It is no secret that the vast majority of people from outside the property development industry who decide to undertake a project to build a new house or fully restore an old, dilapidated house, tend to go over budget – quite often by a significant percentage, or even multiples of the original estimated cost! This is often because of factors that simply can’t be predicted like unforeseen problems or rising costs in terms of materials over the course of the project. But, many inexperienced people also miss out important and expensive things in their original plans.
Here are some things you must remember to factor in to your original budget and get quotes for when starting your building or restoration project:
Many people think about the big things, like getting the walls up and the roof on, but not so much about the smaller jobs that will turn the structure into the home you dream of. This can mean things like painting, both on the interior and exterior, and even hiring an interior designer to pick out color schemes and choose and procure things like drapes and furniture. Decorating a home, particularly if you have big ideas, can be almost as expensive as building one, so make sure you factor in the costs of ‘finishing’ the house as well as simply putting it up.
Equipment and Machinery Hire and Transport
Most projects will require quite a lot of expert equipment, and as well as getting hold of this, you need to arrange for it to be brought to your site, set up and operated. Depending on the extent of your project, you could need anything from a cement mixer to a crane, and you need to make sure you have not only done your research and worked out what you need, but also planned for a machinery moving service, and any set up and operation costs.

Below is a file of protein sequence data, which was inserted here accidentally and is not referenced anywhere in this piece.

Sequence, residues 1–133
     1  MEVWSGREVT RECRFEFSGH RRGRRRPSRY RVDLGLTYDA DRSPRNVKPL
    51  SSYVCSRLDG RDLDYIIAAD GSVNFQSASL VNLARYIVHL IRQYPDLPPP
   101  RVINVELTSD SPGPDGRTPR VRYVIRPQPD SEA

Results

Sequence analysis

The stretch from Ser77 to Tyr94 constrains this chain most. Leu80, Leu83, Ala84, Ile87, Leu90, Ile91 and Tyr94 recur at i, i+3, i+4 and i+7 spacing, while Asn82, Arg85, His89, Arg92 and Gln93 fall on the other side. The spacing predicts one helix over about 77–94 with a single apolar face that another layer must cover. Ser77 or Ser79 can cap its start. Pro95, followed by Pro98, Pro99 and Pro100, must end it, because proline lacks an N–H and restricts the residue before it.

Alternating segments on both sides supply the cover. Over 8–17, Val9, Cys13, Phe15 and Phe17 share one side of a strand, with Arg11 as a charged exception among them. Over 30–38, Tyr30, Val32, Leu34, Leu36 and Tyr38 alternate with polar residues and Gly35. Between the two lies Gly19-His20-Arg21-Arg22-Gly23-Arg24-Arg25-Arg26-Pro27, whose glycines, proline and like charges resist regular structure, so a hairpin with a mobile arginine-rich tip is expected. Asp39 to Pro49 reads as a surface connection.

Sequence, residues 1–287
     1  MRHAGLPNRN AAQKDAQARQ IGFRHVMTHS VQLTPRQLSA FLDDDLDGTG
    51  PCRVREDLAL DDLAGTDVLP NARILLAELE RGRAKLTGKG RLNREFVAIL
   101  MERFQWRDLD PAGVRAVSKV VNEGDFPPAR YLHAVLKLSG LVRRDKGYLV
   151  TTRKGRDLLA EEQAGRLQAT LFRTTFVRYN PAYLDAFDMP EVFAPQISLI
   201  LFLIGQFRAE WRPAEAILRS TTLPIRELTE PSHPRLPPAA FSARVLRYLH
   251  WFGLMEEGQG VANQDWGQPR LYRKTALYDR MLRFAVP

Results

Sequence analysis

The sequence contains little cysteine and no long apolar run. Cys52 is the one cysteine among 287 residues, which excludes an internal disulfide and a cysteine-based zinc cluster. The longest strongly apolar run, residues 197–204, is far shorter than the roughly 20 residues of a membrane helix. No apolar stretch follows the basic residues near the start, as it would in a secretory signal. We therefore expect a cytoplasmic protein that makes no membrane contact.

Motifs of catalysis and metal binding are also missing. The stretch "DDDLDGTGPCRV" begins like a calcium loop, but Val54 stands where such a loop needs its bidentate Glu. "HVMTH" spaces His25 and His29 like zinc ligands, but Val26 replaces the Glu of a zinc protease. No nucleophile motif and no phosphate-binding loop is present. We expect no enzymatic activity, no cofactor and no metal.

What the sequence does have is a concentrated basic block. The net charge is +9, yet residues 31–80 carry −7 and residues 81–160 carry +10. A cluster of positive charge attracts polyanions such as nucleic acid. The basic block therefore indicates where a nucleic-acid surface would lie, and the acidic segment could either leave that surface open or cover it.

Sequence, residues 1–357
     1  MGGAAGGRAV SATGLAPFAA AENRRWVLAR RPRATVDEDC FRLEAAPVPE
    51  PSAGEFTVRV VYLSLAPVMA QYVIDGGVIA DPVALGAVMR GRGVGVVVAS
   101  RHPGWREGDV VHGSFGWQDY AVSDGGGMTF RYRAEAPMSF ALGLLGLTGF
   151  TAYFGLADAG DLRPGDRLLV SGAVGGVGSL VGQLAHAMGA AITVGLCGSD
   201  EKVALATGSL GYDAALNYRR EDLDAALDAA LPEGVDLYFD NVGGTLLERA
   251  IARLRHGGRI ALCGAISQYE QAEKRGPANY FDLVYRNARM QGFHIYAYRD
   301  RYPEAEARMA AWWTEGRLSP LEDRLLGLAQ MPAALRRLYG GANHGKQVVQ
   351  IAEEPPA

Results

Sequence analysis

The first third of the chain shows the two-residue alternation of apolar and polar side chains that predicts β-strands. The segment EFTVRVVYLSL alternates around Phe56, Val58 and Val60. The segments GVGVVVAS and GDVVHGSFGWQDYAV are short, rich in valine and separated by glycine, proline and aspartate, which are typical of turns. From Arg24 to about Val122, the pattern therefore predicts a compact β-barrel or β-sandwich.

You’ll need insurance coverage for all the people working on your project. If someone is injured on your site you may be held liable, and so it is vital that you have adequate coverage, as well as following all health and safety standards appropriate to your area and the project itself. You should get quotes for this early in your planning as you will need coverage to start from day one that people are working on your premises.
Legal Fees and Permits
You may need a lawyer to help you sort out any planning permission or permitting issues, and you may (depending on the laws in your part of the country) have to pay for permits for certain things, or pay to have inspections to prove what you are doing is up to code. Looking into your legal position is something that should be done before you even begin to plan the project in earnest as it can prevent you from doing anything at all. So, make sure this is something you investigate right away and learn the costs that you will be expected to meet so you can include them in your budgeting.
This post has been contributed by Danny Sawyer, who is an employee at Halbert Brothers Inc. His hobbies include bike racing and playing chess.
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